Obituary here.

THE GENERAL PROLOGUE TO THE CANTERBURY TALES
MIDDLE ENGLISH
Whan that Aprill, with his shoures soote
The droghte of March hath perced to the roote
And bathed every veyne in swich licour,
Of which vertu engendred is the flour;
Whan Zephirus eek with his sweete breeth
Inspired hath in every holt and heeth
The tendre croppes, and the yonge sonne
Hath in the Ram his halfe cours yronne,
And smale foweles maken melodye,
That slepen al the nyght with open eye-
(So priketh hem Nature in hir corages);
Thanne longen folk to goon on pilgrimages
And palmeres for to seken straunge strondes
To ferne halwes, kowthe in sondry londes;
And specially from every shires ende
Of Engelond, to Caunterbury they wende,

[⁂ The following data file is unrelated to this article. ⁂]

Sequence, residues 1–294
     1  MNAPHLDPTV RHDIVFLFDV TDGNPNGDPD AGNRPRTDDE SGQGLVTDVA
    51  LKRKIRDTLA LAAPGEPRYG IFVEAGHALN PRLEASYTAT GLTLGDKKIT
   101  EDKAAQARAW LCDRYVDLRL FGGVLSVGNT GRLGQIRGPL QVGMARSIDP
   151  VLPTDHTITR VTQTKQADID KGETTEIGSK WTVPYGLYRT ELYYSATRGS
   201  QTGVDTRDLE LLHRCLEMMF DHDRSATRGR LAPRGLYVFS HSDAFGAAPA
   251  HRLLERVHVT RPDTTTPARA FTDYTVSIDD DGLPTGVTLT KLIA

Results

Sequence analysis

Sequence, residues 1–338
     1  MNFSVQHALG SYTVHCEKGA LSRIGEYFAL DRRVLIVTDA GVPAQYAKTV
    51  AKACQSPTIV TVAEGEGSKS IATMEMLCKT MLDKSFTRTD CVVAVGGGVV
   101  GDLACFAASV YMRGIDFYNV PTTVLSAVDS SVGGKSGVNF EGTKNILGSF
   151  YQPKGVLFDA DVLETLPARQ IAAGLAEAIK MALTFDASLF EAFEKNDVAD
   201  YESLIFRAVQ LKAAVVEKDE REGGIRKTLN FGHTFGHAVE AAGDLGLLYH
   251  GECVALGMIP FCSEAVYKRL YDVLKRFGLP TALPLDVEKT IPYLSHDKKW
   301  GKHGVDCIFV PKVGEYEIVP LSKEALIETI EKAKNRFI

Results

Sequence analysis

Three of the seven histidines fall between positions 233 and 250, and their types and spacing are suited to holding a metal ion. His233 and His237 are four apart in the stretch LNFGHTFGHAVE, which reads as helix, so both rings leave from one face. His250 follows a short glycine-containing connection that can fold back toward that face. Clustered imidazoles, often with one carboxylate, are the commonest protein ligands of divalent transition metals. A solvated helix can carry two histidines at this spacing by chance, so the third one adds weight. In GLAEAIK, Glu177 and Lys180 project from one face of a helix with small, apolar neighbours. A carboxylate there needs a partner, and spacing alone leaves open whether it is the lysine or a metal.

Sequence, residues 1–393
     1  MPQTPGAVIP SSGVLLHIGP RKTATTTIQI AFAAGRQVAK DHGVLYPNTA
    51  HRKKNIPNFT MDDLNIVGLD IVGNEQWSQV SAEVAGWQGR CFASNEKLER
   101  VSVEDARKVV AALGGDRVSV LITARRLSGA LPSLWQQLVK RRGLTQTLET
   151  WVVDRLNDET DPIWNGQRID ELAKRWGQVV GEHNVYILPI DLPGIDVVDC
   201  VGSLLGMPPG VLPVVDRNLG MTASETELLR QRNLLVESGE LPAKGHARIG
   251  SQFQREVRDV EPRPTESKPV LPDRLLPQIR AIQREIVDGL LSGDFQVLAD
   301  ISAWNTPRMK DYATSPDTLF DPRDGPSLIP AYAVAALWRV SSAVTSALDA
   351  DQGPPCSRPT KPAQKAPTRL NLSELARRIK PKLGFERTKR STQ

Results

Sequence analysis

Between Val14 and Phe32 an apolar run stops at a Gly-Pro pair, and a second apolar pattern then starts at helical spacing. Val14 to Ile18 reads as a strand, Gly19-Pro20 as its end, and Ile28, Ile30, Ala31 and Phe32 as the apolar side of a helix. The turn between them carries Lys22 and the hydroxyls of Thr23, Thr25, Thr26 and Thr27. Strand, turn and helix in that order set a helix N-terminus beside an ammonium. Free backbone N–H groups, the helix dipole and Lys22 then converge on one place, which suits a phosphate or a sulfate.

The hooly blisful martir for to seke
That hem hath holpen, whan that they were seeke.

MODERN ENGLISH
When in April the sweet showers fall
That pierce March’s drought to the root and all
And bathed every vein in liquor that has power
To generate therein and sire the flower;
When Zephyr also has with his sweet breath,
Filled again, in every holt and heath,
The tender shoots and leaves, and the young sun
His half-course in the sign of the Ram has run,
And many little birds make melody
That sleep through all the night with open eye
(So Nature pricks them on to ramp and rage)
Then folk do long to go on pilgrimage,
And palmers to go seeking out strange strands,
To distant shrines well known in distant lands.
And specially from every shire’s end
Of England they to Canterbury went,